Friday, August 31, 2012

What Is Buckman?

We’re rather tired of the other side, abetted by the flawed reasoning in Desiano v. Warner Lambert & Co., 467 F.3d 85 (2d Cir. 2006), aff’d by equally divided court, 552 U.S. 440 (2008), attempting to distinguish Buckman Co. v. Plaintiffs Legal Committee, 531 U.S. 341 (2001), into oblivion as relating to nothing more than a “separate, freestanding” claim for “fraud on the FDA.”  We’ve argued until we’re blue in the face that Buckman (which was unanimous, but with a concurrence) was so much more than that; specifically an implied preemption case with broad implications.  Most courts get it, but enough don’t that we thought we’d investigate a little further.  So we’ve asked ourselves the question, What has the Supreme Court itself had to say about Buckman in the decade-plus since it’s been decided?

We ran a quick search and found that the Supreme Court has cited its Buckman decision seven times.  We’ll look at the drug/device cases first.  In PLIVA v. Mensing, 131 S. Ct. 2567 (2011), the Court cited Buckman as a “cf.” (that’s an abbreviation of the Latin “confer” meaning to compare/consult) to the plaintiffs’ “take steps” argument (which the Court rejected) that the manufacturer should have asked the FDA for help.  Id. at 2578.  Did the Mensing majority limit Buckman to a freestanding count for fraud on the FDA?  Hardly.  Instead, it described Buckman just the way we do, as “holding that federal drug and medical device laws pre-empted a state tort-law claim based on failure to properly communicate with the FDA.”  Id.  That’s how Buckman should be read − that any state-law claims purporting to intrude on a defendant’s communications with the FDA are preempted.  The quality of a regulated entity’s communications with a federal agency is simply none of state law’s business.

That’s one.

Then there’s Wyeth v. Levine, 555 U.S. 555 (2009), the case we most love to hate.  Levine also discussed Buckman, albeit in dueling footnotes, this time in the context of the “presumption against preemption.” Id. at 565 n.3.  Buckman was not, the majority noted, apt precedent for rejecting that presumption entirely in implied preemption cases, because it “involved state-law fraud-on-the-agency claims, and the Court distinguished state regulation of health and safety as matters to which the presumption does apply.”  Id.  Even in this worst case (which is what Levine is) scenario, the discussion is confined to the scope of a presumption (which later couldn’t muster a majority in Mensing) rather than addressing preemption directly.  Levine certainly is not limited to anything about freestanding claims.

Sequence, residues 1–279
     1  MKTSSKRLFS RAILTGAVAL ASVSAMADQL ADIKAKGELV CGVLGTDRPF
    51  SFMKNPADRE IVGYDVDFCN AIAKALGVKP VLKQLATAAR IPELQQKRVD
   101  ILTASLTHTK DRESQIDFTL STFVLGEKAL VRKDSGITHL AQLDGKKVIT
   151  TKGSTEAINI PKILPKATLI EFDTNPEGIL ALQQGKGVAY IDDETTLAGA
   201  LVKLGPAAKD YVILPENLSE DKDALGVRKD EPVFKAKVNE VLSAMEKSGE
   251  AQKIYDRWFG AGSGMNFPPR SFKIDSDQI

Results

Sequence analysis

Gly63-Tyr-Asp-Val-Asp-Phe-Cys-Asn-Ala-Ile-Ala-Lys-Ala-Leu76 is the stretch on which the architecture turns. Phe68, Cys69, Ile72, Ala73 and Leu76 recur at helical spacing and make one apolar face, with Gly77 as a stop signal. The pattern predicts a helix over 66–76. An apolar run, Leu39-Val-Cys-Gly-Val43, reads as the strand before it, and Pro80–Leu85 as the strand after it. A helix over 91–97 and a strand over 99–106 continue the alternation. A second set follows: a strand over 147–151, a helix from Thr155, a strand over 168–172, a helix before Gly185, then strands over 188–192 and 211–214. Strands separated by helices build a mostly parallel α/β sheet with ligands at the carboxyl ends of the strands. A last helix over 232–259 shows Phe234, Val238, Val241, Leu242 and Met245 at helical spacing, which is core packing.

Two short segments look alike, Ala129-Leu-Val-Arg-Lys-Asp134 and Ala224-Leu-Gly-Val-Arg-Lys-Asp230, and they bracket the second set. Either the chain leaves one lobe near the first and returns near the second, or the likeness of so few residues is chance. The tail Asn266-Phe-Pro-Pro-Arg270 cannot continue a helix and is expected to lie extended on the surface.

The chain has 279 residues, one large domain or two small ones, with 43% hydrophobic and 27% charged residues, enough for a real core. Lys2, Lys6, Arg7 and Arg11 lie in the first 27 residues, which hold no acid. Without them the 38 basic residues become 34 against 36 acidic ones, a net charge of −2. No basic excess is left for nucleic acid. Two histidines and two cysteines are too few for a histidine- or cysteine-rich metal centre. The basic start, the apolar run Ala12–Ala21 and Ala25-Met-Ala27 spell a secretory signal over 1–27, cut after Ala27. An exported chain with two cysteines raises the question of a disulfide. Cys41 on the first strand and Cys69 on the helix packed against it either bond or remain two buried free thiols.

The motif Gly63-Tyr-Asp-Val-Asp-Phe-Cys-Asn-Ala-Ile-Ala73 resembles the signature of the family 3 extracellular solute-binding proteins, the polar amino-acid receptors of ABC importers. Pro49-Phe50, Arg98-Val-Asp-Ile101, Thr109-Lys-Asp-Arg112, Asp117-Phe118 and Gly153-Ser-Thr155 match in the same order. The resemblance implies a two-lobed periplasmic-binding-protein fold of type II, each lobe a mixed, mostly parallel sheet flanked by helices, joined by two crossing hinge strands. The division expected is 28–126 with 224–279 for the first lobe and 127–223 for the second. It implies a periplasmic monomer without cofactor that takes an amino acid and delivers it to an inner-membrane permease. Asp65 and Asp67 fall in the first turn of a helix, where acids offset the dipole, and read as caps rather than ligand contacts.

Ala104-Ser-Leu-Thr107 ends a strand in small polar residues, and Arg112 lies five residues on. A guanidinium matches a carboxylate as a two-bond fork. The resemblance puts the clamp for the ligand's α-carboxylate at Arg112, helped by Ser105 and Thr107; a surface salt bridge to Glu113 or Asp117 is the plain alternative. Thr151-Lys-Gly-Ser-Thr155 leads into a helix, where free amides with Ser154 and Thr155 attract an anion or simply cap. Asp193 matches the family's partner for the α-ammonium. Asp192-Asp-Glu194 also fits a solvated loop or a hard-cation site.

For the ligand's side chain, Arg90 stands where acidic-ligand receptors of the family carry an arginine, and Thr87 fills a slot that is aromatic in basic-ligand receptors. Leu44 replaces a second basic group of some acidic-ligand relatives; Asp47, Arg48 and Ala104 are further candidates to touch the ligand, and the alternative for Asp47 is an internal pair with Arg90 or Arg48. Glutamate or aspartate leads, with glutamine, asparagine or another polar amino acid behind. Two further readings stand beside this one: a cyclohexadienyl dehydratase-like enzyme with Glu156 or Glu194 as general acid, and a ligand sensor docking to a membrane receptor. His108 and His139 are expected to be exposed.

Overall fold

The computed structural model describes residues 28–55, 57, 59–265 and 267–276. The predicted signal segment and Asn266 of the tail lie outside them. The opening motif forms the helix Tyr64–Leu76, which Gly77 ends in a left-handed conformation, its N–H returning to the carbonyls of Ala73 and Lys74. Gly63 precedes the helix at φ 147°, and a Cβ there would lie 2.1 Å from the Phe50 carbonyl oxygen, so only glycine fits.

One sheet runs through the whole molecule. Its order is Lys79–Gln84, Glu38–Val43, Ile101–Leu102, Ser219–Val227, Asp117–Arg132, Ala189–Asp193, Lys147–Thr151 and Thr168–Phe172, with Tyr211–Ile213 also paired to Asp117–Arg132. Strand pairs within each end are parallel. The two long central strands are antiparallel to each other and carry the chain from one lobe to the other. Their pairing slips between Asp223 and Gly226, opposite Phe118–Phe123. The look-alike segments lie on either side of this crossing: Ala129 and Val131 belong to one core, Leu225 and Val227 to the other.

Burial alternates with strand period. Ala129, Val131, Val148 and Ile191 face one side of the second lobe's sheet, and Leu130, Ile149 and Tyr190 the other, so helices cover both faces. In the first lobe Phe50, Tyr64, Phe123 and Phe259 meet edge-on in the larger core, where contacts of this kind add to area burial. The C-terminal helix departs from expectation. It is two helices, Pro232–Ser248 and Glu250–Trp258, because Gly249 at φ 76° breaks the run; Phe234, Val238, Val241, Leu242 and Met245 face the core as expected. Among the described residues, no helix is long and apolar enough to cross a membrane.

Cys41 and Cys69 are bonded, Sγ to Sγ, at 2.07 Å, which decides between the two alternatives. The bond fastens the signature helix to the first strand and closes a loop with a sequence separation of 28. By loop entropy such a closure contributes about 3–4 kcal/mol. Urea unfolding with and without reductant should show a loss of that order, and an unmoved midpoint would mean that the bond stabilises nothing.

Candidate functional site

The Levine dissent, of course, gave Buckman an even broader application:

Petitioner’s dealings with the FDA were prompted by federal law, and the very subject matter of petitioner's statements to the FDA were dictated by federal law.  Accordingly − and in contrast to situations implicating federalism concerns and the historic primacy of state regulation of matters of health and safety − no presumption against pre-emption obtains.
Id. at 624 & n.14 (citation and quotation marks omitted).  While we obviously prefer the Levine dissent, there doesn’t seem to be any support − in the Levine majority or dissent − for not applying Buckman’s rationale to any situation implicating the information submitted by a regulated entity to its regulating authority.

That’s two − actually call it 2½, since Buckman was string-cited (with no separate discussion) for basically the same presumption-related proposition by the dissent in Altria Group, Inc. v. Good, 555 U.S. 70, 99 (2008) (the majority in Good not mentioning it at all).

The Court’s most recent invocations of Buckman are in Arizona v. United States, 132 S.Ct. 2492 (2012), and Chamber of Commerce v. Whiting, 131 S.Ct. 1968 (2011), both involving immigration.  In Arizona all but one of the provisions of a state statute were held preempted by federal law.  The mere fact that both the majority and the dissent considered Buckman relevant indicates that it can’t be cabined in the manner plaintiffs so often attempt.  The majority cited Buckman as authority (albeit “cf.” authority) for the proposition that “[p]ermitting the State to impose its own penalties for the federal offenses here would conflict with the careful framework Congress adopted.”  Id. at 2502-03 (describing Buckman holding as “States may not impose their own punishment for fraud on the Food and Drug Administration”). That’s all federal offenses, folks, not just the FDCA.  The dissent in Arizona essentially agreed: